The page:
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4 Defense Options to a Charge of Possession of Drugs with Intent to Sell

June 25, 2019

4 Defense Options to a Charge of Possession of Drugs with Intent to Sell

Though changes have been made to marijuana laws in recent years, the drug laws regarding other substances continue to be extreme in many cases. If you have been arrested with possession of drugs with intent to sell, you could be facing a long time in prison. The good news is that a criminal defense attorney can help ensure you have the best defense option possible.

Keep reading to learn about four different defense options then contact Chambers Law Firm at 855-397-0210 to find out which defense option may be the best choice for your case.

  1. The Evidence Was Obtained During an Illegal Search and Seizure
  2. You have rights via the Fourth Amendment of the U.S. Constitution to be free from unreasonable search and seizure. The police are required to follow specific procedures when issuing a traffic stop, arresting a person, searching them, etc. If they do not follow these laws then the evidence they obtained during the unlawful search and seizure may not be admissible in court. This can destroy the prosecution’s case.

  3. You Were Not in Control or Possession of the Drugs
  4. In order to be guilty of possession of a control substance with intent to sell, you must have had control over the drugs. If they were simply found where you were, but you did not have control over that place, then you may not be guilty of the crime. For example, if you were driving a friend around and they had the drugs stashed in their suitcase in the trunk, without your knowledge.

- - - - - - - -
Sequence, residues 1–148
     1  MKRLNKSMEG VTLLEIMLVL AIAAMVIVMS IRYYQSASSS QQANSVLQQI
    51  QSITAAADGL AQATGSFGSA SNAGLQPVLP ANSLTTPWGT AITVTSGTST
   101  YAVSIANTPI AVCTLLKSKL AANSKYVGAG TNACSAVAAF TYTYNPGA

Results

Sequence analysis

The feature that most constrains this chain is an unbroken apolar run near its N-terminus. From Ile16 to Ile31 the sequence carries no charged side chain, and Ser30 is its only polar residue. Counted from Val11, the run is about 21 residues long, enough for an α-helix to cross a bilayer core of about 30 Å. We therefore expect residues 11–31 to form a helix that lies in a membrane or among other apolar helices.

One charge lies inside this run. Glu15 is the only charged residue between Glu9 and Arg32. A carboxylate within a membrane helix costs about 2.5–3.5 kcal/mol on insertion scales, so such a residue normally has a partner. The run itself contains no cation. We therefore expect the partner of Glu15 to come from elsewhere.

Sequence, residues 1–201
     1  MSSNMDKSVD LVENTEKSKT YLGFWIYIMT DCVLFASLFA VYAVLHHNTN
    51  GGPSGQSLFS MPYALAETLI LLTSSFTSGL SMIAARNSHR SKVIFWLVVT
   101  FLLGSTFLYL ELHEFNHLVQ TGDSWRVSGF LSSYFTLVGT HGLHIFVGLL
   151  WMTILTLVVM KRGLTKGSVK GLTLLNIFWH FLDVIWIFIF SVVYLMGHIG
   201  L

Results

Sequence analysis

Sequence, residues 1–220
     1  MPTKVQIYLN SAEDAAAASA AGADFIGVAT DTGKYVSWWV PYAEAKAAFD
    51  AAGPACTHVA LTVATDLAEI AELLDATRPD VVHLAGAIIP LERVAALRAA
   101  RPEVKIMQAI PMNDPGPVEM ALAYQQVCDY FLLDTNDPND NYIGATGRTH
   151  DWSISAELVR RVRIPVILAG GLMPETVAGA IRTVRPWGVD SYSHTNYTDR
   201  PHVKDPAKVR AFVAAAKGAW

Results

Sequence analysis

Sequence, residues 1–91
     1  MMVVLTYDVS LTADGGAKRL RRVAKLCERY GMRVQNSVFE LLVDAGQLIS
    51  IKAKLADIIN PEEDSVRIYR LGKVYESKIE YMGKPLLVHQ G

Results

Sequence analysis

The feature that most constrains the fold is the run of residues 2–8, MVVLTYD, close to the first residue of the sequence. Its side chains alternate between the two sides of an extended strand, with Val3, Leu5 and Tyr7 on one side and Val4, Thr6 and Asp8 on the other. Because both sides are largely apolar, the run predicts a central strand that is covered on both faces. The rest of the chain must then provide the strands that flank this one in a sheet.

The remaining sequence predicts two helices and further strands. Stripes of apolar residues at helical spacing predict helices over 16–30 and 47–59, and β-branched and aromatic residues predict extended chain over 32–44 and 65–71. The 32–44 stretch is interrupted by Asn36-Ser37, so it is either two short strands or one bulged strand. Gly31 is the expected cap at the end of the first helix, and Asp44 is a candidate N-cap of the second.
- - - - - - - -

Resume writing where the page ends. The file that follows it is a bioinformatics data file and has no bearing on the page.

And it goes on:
5. You Did Not Know the Drugs Were There
  6. In order to be guilty of possession of a controlled substance with intent to sell, it must also be true that you knew the drugs existed and you knew that what was happening was illegal. As a result, if we can show that you did not know the drugs were in your possession then we will use that to fight the charges.

    Likewise, if you knew the drugs were there but did not realize it was an illegal situation, we can use that in your defense. For example, if the drugs in question were prescription drugs and you believed the person in question had legal access to them for their own use, then we will use this in your defense.

  7. You Did Not Have the Intent to Sell
  8. Finally, the prosecution must prove not just that you had the drugs in your possession and that you knew it was illegal, but that you intended to sell them. Unless you confess to the crime, it is often very difficult for them to prove this element. They often rely strictly on circumstantial evidence that we can easily disprove.

If you are facing a drug charge then we hope you will call an experienced criminal defense attorney to help you. You can reach Chambers Law Firm at 855-397-0210 for a free legal consultation today.

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